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I’m republishing this with a dedication this year to Susan Nance of Nevada City for her ‘”Pay It Forward for the Holidays” project. You can find it on Facebook.

Lightcap Farm's Blog

“It’s coming on Christmas

They’re cutting down trees

They’re putting up reindeer

And singing songs of joy and peace

Oh I wish I had a river I could skate away on”   Joni Mitchell

It’s mid December again, smack dab in the middle of the holiday season. At this time of year I look back on my relationship with perhaps the most central, unifying aspect of American culture. For ten years I’ve been on a journey that has led me to pretty much give up Christmas.

No, I don’t go around saying “Bah, Humbug.”  I don’t boycott gifts or glare at the Salvation Army bell ringers. When people say, “Merry Christmas” to me I cheerfully echo it back, although Christianity is no longer my religion.  I’ll say “Happy Hanukkah” or “Happy Solstice” too; whatever brings a smile to the person I’m greeting.  It doesn’t matter, really, as long as I’m wishing…

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Cultural Honesty: A Polemic

“In every culture in decline, the watchful ones among the slaves know that all that is genuine will be scorned or conned or cast away.” Joni Mitchell

Recently, this blurb has been circulating Facebook: “As a child I saw Tarzan almost naked, Cinderella arrived home after midnight, Pinocchio told lies, Aladdin was a thief, Batman drove over 200 miles an hour, Snow White lived in a house with 7 men, Popeye smoked a pipe and had tattoos, Pac Man ran around to digital music while eating pills that enhanced his performance, and Shaggy and Scooby were mystery solving hippies that always had the munchies. The fault is not mine! If you had this childhood and loved it, repost.”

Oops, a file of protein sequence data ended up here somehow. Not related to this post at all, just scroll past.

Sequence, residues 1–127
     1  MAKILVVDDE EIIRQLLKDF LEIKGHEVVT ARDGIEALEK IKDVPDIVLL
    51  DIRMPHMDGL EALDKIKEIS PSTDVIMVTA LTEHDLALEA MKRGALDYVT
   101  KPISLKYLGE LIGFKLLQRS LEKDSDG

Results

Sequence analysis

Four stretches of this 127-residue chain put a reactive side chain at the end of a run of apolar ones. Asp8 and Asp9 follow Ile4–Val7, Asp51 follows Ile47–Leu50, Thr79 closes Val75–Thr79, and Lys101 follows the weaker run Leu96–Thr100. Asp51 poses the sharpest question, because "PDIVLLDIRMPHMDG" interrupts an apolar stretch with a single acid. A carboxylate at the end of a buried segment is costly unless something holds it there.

I got a good chuckle out of this.  In the days that followed my reading it, one line kept echoing in my head.  Pinocchio told lies.  Pinocchio told lies.  Like most people I know, I was raised with the ninth commandment in mind.  Yet I’ve grown so used to people—or more likely institutions–lying to me that I take it for granted.  Maybe God should have used simpler language with that commandment.

Take for instance  my sons’ schools.  Two different middle schools, both with good reputations.  One is more alternative; one is more traditional.  Like most schools I’ve visited over thirty years of parenting, volunteering, and teaching, most of the faculty and staff care deeply about their students. Yet both schools lie to the parents.  In the midst of a domestic war on education, I can’t help but wonder if more parents would rise to defend the institutions if the institutions respected parent and child by practicing the virtue of honesty.  (For more on the war on education, see my earlier polemic “Mourning the War on Education” at https://lightcapfarm.wordpress.com/2011/03/28/mourning-the-war-on-education/.)